object literal types

Brendan Eich brendan at mozilla.com
Tue Feb 17 09:41:47 PST 2009


On Feb 17, 2009, at 5:07 AM, Michael Haufe wrote:

> David-Sarah Hopwood wrote:
>
>> "':' (not '=') is used to separate a property name from its value,  
>> so it
>> can't also be used for type annotations."
>
> Except in the case of JavaScript's non-standard Sharp Variables (https://developer.mozilla.org/En/Sharp_variables_in_JavaScript 
> ),

Sharp variables (which I modeled after Common Lisp) are different  
syntax -- their = sign comes *before* the object-type property value  
or outermost object or array initialiser, and the = is preceded by the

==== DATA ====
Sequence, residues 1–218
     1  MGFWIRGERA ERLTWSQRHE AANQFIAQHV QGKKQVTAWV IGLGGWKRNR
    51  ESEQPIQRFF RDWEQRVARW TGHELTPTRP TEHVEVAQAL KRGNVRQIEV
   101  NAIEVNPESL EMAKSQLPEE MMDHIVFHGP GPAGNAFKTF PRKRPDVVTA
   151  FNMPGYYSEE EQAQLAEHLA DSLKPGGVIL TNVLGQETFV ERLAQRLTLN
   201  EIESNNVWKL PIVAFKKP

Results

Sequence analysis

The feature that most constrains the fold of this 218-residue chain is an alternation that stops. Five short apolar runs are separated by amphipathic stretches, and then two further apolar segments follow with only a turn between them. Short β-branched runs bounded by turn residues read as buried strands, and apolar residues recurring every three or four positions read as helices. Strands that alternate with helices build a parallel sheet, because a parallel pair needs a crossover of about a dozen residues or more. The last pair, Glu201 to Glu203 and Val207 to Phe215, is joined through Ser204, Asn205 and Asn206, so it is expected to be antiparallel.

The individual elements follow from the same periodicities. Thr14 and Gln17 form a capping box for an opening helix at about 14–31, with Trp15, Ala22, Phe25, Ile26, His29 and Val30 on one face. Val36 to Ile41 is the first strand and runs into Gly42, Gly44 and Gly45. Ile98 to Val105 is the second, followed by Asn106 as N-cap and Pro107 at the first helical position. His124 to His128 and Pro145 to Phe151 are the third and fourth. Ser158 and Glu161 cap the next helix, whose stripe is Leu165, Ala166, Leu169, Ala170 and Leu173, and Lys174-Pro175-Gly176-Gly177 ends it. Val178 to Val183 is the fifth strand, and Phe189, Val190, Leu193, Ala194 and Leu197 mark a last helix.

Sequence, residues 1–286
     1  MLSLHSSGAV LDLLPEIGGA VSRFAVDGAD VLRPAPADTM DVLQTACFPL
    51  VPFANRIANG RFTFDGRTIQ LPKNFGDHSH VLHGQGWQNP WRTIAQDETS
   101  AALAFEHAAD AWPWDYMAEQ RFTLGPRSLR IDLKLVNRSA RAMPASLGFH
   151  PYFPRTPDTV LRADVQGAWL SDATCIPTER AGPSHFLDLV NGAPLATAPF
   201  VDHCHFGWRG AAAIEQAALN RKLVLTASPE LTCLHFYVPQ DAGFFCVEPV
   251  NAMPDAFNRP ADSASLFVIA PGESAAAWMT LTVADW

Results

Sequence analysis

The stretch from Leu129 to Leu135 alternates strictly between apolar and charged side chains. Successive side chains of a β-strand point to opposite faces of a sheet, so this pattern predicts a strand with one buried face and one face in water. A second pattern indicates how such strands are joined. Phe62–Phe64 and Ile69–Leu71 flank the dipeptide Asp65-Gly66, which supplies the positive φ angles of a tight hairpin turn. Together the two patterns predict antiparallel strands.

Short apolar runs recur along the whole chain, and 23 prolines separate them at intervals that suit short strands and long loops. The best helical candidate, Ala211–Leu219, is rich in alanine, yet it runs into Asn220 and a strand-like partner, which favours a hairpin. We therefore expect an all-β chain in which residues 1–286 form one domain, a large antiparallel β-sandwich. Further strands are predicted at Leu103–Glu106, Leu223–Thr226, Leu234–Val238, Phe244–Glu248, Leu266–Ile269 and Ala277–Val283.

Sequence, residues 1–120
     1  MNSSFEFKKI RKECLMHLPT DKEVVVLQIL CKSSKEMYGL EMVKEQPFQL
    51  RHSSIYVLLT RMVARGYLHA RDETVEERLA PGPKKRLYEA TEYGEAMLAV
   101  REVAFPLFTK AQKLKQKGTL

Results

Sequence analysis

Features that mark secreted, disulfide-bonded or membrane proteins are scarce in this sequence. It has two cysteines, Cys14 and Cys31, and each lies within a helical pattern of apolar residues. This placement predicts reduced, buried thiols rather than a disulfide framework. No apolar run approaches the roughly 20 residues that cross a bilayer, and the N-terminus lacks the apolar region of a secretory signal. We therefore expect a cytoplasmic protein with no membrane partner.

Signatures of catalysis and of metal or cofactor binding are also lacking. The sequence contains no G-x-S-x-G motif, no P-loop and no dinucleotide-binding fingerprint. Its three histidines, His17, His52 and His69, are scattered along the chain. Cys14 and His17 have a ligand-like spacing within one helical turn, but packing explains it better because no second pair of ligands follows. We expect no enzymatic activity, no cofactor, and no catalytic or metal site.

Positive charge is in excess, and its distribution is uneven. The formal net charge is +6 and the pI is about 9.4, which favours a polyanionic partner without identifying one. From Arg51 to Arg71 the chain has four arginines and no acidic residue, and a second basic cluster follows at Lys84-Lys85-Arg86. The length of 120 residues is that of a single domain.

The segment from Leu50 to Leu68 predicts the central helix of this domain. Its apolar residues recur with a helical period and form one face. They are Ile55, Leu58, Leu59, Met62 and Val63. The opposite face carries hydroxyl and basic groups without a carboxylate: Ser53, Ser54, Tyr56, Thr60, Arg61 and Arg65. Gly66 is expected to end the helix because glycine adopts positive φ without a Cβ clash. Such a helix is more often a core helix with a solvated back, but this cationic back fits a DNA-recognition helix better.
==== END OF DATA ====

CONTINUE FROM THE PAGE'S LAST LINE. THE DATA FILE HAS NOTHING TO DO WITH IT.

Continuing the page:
sharp variable name. Also, you can't have any spaces between #n and =  
(for non-negative integer n). There's really no comparison with the  
syntax you sketched.


> which is what sparked my question.Is there some ambiguity on why  
> this syntax reuse would be off the table?

Yes, there is an ambiguity. See the grammar:

PropertyNameAndValueList:
      PropertyName ':' AssignmentExpression
      PropertyNameAndValueList ',' PropertyName ':' AssignmentExpression

/be



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